When I recently tried to introduce some additions to the English Wikipedia-page on Multiphonic I was told:
“The fact remains that reliable secondary sources do not appear to apply the term here, so again, it’s OR [Original Research] to extrapolate otherwise, even in passing reference. If, down the line, mainstream literature comes to apply the term to such instruments we can add it then. There is no deadline.” [Discussion]
So, here are my thoughts in the hope that someone will point me to quotable research–or use this opportunity to publish a paper 🙂
Walker Farrell from Make Noise had some interesting comments:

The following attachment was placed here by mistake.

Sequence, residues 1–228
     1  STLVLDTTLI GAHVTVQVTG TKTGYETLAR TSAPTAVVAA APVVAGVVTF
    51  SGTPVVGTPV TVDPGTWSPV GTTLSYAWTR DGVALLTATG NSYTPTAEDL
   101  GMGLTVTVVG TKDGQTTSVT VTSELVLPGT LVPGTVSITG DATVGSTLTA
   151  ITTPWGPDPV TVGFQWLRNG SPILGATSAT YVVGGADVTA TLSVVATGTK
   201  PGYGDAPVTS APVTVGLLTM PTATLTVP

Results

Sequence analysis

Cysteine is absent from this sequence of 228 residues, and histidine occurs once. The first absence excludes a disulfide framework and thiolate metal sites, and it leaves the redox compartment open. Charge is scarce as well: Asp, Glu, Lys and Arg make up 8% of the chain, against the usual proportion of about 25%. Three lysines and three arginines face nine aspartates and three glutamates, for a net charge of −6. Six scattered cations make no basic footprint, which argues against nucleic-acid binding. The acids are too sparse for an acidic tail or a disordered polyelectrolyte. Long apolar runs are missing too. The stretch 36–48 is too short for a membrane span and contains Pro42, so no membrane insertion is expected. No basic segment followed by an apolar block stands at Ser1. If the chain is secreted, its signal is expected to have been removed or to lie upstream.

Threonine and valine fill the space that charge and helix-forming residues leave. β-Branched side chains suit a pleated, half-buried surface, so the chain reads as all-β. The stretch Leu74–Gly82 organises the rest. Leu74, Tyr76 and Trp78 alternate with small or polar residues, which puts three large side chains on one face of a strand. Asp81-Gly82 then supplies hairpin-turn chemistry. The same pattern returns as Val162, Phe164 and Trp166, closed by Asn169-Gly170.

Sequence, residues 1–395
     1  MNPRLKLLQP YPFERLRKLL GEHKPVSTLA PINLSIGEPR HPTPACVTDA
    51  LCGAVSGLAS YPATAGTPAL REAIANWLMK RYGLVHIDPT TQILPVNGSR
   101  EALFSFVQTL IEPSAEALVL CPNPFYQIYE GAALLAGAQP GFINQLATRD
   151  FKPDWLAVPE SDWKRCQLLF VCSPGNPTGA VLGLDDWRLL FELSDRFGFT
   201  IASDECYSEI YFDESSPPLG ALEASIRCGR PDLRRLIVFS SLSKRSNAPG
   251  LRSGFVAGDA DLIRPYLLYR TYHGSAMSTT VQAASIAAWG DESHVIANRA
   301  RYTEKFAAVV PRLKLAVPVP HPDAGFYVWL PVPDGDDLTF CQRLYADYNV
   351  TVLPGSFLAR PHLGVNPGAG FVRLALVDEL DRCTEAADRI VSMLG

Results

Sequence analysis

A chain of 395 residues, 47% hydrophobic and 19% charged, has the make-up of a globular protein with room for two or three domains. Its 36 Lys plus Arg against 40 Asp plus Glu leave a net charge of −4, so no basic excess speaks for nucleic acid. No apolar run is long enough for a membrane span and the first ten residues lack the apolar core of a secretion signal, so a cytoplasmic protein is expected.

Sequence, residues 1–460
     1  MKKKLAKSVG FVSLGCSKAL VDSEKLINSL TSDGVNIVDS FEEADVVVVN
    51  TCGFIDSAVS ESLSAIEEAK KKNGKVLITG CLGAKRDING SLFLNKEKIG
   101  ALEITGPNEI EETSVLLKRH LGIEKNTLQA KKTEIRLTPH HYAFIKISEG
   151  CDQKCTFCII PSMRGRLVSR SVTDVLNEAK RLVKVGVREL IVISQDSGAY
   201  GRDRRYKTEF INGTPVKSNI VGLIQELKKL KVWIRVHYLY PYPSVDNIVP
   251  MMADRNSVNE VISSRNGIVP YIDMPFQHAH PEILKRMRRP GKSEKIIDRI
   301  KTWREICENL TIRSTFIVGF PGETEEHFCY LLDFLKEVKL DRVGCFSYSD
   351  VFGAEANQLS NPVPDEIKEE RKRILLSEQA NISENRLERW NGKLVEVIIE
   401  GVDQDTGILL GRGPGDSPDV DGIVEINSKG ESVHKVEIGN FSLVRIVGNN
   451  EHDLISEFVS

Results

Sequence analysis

“The techniques described for wind instruments sound acoustically similar to ring modulation, with a carrier and modulator represented by the instrument’s note and the performer’s own voice. […] Elsewhere, the Wikipedia article mostly seems to refer explicitly to sounds that are not part of the harmonic series of the “main” note that is being produced. Almost every VCO and VCO-adjacent synth module like tELHARMONIC is going to operate primarily in its own harmonics unless modulated by a second source that is tuned differently. […] One thing I’m not totally clear on is where the line resides between timbre shifts and multiphonic playing, if it is not primarily about creating non-harmonic overtones. Just about every traditional tonal acoustic instrument will have a change in harmonic content across and between notes, and this is a primary component of what’s experienced as the timbre of the instrument. […] Audio rate FM, RM, AM or audio rate modulation of any timbral parameter on any VCO is probably going to be similar in its overtone structure to extended wind techniques.“ [eMail correspondence; published with permission]